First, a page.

I also think that when someone keeps you waiting without a very good reason, they show a lack of respect. You wouldn’t keep someone you consider important waiting, you wouldn’t be late for an job interview or a meeting with your manager. So if you keep someone waiting, because you’re not that fussed about when you turn up, you can’t have much respect for them.

I feel that when you are agreeing a time with someone, you are giving them your word that you will be there at a certain time. For a Muslim, to break a promise is a big thing and we seem to take this very, very lightly. I can’t think of many Muslim events I have attended that have started or run on time, we generally seem to be hopeless at it and run on Asian Mean Time or African Time, or should we call it Chaotic Muslim Time?

One thing that helps me is to factor in salah (prayer) times. So usually when I agree to meet someone or go somewhere, I will work out which salah’s fall during that time and factor in the additional time to make wudhu (ablutions) and pray. Or often, I will agree with family members to do something by Zoher (afternoon prayer) or after fajr (dawn prayer).

Generally, though, I think we should be more careful to honour our word when it comes to agreeing a time for something. If you agreed 1pm, and know you can’t get there till 3pm, then agree 3pm. Whoever then says, “yes, but then I won’t get there till 5pm” really needs a bucket of water over their head, or an alarm clock, or some roller skates…


  1. I always try to be prompt and what I always think of is whan you read salah you are supposed to read it as soon as you can, so for example even though Zohur may last for 4 hours you are recommended to pray as soon as it is time. Plus I also think it shows a lack of respect for other people. Good post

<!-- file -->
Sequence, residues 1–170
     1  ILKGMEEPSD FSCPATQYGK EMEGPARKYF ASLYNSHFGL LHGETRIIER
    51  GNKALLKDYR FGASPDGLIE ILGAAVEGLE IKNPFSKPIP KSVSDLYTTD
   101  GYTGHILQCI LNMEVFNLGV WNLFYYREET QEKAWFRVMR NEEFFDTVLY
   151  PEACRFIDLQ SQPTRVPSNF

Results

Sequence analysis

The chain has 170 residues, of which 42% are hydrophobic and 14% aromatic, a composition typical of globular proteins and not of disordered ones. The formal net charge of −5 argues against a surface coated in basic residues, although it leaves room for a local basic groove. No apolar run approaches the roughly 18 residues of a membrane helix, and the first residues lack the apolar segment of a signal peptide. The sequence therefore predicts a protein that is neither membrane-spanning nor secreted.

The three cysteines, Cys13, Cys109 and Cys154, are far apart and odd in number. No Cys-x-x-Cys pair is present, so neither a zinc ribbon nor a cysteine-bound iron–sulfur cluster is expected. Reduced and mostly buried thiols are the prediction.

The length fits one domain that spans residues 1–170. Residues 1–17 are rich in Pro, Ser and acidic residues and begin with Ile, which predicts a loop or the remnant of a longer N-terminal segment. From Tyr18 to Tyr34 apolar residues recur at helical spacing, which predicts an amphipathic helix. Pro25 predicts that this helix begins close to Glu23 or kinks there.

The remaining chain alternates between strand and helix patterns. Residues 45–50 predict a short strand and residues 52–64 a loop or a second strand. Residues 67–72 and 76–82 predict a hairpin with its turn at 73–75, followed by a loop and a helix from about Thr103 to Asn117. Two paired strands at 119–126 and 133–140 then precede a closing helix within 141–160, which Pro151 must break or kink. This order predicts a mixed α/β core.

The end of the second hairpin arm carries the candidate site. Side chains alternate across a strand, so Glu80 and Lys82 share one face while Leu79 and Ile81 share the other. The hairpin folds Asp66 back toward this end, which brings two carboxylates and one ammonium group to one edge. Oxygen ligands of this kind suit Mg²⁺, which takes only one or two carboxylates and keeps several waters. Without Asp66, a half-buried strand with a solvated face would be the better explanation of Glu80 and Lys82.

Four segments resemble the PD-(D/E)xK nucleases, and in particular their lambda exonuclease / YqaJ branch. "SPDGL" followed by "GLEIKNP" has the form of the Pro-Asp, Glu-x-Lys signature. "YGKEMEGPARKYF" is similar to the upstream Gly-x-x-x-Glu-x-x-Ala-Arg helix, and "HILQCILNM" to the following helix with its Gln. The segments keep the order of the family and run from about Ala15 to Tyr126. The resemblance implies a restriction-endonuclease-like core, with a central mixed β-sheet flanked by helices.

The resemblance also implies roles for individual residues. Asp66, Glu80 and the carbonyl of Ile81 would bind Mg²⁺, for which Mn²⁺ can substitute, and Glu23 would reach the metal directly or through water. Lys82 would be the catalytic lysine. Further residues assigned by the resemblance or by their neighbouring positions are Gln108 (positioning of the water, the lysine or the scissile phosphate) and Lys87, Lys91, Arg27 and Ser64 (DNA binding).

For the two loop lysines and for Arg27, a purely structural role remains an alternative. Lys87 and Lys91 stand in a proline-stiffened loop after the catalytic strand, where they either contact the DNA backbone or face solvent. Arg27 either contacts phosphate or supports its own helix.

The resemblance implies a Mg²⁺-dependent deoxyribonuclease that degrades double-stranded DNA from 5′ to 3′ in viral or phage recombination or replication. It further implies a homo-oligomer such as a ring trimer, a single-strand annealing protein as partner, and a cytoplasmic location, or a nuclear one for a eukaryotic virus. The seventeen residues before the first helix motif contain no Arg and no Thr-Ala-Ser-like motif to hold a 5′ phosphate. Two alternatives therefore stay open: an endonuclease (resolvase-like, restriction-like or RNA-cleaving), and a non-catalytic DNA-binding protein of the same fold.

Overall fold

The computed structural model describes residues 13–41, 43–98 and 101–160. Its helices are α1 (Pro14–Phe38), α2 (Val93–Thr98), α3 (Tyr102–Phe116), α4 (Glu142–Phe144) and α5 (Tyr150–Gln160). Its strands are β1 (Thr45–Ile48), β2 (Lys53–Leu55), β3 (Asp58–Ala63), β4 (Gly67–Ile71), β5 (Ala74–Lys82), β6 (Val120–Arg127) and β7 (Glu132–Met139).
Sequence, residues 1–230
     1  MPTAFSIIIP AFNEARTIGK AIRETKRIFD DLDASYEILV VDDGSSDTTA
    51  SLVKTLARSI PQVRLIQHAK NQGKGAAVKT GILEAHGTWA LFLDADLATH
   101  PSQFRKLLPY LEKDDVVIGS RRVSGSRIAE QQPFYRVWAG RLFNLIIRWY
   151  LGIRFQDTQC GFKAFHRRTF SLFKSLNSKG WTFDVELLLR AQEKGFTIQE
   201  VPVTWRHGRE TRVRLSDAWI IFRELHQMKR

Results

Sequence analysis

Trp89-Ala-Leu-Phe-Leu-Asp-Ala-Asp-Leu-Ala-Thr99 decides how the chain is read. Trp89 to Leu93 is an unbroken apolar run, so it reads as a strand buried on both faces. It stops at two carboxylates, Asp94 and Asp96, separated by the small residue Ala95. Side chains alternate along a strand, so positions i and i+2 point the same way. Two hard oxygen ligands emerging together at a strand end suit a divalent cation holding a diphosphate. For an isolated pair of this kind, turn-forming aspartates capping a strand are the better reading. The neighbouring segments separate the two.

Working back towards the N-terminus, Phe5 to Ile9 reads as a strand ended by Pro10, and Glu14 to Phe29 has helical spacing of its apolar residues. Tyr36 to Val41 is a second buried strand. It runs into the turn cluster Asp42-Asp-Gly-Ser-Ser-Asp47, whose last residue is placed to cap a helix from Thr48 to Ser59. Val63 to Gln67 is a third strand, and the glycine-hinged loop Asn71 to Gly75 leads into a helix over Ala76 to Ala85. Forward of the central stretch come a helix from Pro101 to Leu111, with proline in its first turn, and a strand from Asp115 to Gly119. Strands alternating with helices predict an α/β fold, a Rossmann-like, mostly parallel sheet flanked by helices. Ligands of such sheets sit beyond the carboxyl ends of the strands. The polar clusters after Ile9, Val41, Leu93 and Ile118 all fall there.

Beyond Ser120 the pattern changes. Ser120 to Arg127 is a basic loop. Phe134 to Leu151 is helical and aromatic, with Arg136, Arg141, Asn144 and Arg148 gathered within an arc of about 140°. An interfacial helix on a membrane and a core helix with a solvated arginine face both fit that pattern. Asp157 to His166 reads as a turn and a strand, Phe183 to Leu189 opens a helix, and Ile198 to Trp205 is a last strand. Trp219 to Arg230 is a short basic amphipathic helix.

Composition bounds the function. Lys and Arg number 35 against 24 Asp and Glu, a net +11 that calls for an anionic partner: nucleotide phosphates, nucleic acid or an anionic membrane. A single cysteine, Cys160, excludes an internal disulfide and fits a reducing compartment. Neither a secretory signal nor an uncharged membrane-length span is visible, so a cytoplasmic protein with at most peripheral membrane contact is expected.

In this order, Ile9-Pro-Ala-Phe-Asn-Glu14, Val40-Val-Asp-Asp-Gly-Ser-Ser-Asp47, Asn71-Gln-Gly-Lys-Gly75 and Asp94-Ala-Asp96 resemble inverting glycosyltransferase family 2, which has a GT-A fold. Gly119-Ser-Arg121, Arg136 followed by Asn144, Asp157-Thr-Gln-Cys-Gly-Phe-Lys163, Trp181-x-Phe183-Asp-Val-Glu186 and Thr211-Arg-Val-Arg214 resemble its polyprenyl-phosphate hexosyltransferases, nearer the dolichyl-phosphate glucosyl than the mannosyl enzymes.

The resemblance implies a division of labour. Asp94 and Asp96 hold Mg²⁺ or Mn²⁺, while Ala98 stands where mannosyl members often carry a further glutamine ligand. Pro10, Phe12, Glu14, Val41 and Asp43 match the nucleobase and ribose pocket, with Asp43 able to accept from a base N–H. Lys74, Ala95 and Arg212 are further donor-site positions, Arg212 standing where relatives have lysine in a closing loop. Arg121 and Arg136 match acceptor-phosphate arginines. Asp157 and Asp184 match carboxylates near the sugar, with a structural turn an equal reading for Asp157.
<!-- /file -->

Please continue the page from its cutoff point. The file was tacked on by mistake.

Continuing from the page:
2. I was laughing as I read this post. This is an issue no matter which corner of the earth you're in. I'm in Canada and desi people here are HOPELESS at getting anywhere on time. This is especially troublesome when you take kids to weddings and such. I've long learned that kids (and I too) need to eat BEFORE we get to the wedding because dinner may not be served until 10pm even though the invitation said "Dinner 8pm SHARP".

    I grew up in Dubai and parties there don't even start until 10pm. But at least there, they proudly put "Baraat 10pm, Dinner 11pm, Rukhsati 2am" on their invitation cards.

  3. Oh dear! This post made me giggle.
    My family is renowned for having its own "Ahmed time"!!!

    We are always late to things, even if we try to be early. My dad used to jest to my aunt and I to start getting ready the whole night before an event! ;)

    The other half has made my timings slightly better now! ;) (I say slightly better, another few years I MIGHT have caught up with u guys!!!) ;)

  4. LOL! this post made me laugh too! I am ALWAYS on time if not early, but my husbands timings... GRRR... lets not even go there! We always argue about it. He is never on time and it frustrates me.

    Great post!